• If there's one thing in this world that I think a person should have total and absolute authority over, it's the pronunciation of their own name. However Saoirse Ronan wishes to say her own name is the correct way to pronounce her name, even if it's said differently by most people or even other people with the same name.

            I know a few Sophias, one of whom pronounces her name "So-FYE-a," and why not? That's the right way to say her name, even if it's "So-FEE-a" everywhere else.

    • Where did Catherine come from?

      I don't know. Brain fart, I guess. It's fixed now.

  • If you have the chance and the time, this makes a fantastic universal coming of age double feature with The Florida Project. Both films feature deeply flawed, impulsive female protagonists who feel they're being crushed by mean circumstances within their respective classes - both feature attempts to escape into an idealistic, ultimately hollow fantasy-land. To repeat a point in the review, just like Grandma from a couple years back - both have meandering plots that would feel tired and formulaic if they were centered on typical father/son relationships, but feel fresh and exciting with multiple female leads. So if you're all superheroed out, or like me you feel icky handing more dollars to WB and/or Disney, please give one or ideally both of these a shot.

    • *Florida Project* is fantastic, and I will review it eventually, hopefully soon, but I'd hesitate to call it a "coming of age" story. The protagonist is simply far too young for that to apply.

      • The daughter's adventures capture what it feels like to be a child better than any movie I can remember, but you're right, the character that comes of age is the mom. Technically an adult, but stuck in an adolescent consumer mindset, clinging to a childish fantasy, teetering on the edge of an abyss of poverty and addiction. By the end of the film, every link to that fantasy is ripped away from her and she's tumbling into reality and the horrors of adulthood.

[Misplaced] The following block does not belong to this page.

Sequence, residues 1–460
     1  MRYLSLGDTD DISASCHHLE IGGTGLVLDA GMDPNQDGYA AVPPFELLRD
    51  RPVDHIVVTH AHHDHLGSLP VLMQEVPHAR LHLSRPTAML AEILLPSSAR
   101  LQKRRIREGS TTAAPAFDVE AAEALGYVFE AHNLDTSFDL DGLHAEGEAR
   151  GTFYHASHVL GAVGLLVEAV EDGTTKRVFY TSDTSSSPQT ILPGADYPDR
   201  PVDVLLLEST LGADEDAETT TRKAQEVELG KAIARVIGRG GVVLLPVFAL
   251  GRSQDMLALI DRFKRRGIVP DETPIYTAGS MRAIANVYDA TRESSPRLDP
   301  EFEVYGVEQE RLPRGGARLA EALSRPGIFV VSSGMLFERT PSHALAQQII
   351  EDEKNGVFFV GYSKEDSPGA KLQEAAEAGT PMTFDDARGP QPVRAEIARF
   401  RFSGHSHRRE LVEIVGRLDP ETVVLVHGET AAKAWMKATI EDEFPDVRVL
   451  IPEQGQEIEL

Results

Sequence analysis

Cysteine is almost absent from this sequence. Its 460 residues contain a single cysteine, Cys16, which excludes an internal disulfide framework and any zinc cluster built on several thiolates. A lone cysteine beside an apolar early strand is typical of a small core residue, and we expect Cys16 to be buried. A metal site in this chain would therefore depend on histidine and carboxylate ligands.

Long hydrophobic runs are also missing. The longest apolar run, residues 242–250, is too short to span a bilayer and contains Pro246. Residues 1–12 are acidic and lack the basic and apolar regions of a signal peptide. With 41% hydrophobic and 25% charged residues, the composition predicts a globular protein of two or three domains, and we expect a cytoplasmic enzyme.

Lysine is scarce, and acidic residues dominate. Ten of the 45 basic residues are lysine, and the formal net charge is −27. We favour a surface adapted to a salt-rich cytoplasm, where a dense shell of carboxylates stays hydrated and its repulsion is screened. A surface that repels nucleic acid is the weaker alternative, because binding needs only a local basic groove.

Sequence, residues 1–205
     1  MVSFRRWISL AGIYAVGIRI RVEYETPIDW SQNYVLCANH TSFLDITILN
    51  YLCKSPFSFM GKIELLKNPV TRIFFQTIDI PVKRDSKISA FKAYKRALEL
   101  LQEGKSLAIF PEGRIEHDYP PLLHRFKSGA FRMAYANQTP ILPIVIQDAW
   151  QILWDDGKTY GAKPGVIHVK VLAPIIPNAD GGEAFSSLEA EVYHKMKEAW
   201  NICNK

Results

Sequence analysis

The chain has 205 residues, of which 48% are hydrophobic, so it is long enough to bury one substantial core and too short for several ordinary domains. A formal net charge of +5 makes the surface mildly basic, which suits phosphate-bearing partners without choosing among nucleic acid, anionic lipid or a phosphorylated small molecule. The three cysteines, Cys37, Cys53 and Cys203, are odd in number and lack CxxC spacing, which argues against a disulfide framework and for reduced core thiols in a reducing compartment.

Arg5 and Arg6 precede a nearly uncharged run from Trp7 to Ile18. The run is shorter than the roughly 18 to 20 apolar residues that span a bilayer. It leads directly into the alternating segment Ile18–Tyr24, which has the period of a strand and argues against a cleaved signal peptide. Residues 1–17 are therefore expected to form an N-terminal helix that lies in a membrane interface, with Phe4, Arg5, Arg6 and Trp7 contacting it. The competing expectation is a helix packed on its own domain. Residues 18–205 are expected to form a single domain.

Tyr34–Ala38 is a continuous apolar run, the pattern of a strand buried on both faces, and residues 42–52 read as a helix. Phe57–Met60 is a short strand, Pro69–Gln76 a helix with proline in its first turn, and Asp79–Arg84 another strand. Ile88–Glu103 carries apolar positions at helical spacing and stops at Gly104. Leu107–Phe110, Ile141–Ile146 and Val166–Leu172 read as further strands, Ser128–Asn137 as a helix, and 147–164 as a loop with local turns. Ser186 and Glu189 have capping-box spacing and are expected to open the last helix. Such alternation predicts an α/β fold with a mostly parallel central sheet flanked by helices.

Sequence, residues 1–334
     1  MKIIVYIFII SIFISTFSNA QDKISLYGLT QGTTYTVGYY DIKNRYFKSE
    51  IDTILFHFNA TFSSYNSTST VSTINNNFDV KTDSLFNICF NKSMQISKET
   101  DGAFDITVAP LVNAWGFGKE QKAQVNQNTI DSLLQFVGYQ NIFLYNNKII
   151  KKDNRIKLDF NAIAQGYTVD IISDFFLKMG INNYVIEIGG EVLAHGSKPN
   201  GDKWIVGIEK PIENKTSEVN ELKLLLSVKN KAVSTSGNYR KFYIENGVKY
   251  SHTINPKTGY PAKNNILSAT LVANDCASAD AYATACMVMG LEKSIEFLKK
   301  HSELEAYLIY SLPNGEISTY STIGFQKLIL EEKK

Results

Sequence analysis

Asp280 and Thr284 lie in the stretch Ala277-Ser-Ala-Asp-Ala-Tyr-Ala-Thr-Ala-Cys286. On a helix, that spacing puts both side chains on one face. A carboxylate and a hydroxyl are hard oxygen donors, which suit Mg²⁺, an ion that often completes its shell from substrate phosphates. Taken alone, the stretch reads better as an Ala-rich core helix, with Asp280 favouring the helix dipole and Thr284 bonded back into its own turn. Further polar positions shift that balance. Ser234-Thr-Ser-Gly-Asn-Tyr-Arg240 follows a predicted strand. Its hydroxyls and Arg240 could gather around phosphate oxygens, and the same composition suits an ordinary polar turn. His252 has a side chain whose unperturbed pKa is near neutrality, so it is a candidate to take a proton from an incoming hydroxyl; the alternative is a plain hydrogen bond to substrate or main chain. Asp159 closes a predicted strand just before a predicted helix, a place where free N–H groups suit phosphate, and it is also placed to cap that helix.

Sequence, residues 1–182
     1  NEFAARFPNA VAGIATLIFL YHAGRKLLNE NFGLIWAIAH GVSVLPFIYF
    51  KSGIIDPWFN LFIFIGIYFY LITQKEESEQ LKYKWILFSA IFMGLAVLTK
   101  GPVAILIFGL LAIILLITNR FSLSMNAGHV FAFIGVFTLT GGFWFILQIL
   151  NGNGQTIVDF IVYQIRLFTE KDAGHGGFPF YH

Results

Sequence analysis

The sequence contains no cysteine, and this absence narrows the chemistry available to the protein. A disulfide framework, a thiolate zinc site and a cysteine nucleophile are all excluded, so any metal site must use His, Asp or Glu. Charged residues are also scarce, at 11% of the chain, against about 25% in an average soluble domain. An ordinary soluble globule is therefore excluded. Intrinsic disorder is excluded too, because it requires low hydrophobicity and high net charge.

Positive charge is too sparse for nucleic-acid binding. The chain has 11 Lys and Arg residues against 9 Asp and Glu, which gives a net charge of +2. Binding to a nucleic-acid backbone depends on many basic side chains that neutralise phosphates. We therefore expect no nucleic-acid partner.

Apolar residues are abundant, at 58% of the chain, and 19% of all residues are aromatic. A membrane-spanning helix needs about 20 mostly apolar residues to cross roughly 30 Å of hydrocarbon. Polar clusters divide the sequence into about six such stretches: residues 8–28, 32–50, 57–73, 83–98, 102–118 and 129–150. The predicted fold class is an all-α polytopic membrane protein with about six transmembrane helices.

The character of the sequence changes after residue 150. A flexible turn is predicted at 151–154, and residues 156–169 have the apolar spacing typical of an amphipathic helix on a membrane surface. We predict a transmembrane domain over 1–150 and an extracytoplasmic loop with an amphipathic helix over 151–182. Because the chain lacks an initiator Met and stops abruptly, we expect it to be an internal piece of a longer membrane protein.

It's my favorite movie this year so far - sharply critical of consumerism while acknowledging the moments of genuine joy it can bring, warm and humanistic without being preachy. So many of the shots are gorgeous - I felt a little guilty liking them so much (poverty porn?). In two movies, Sean Baker has become one of my favorite directors. Ladybird fills the gap between the child and mom in Florida Project and draws a sharp contrast between the concerns and priorities of the lower and middle classes in America. Hopefully, Ladybird picks up more audience and awards buzz and goes even wider. In my dreams Florida Project expands too, but I know it's too slow and unstructured for most audiences. *sigh*

  • Just saw this today and it was fantastic. Spot on with the comparison to Edge of Seventeen and Diary of a Teenage Girl. Not because they’re carbon copies of each other, but because “omg, an actual movie about a girl!” It’s such a breath of fresh air, which is probably part of the reason those have been some of my favorite movies of the last three years (with the remainder of the reason being that they’re just fantastic movies in their own right).

  • Just came back from seeing this, and it is so, so wonderful. Saiorse Ronan continues to be a fantastic actor, and I can't believe she's only 23 (her performances have such emotional depth, and her previous meaty roles such as in Brooklyn made me assume she was maybe in her mid-30s and just playing younger this time around, but I guess she's just THAT good).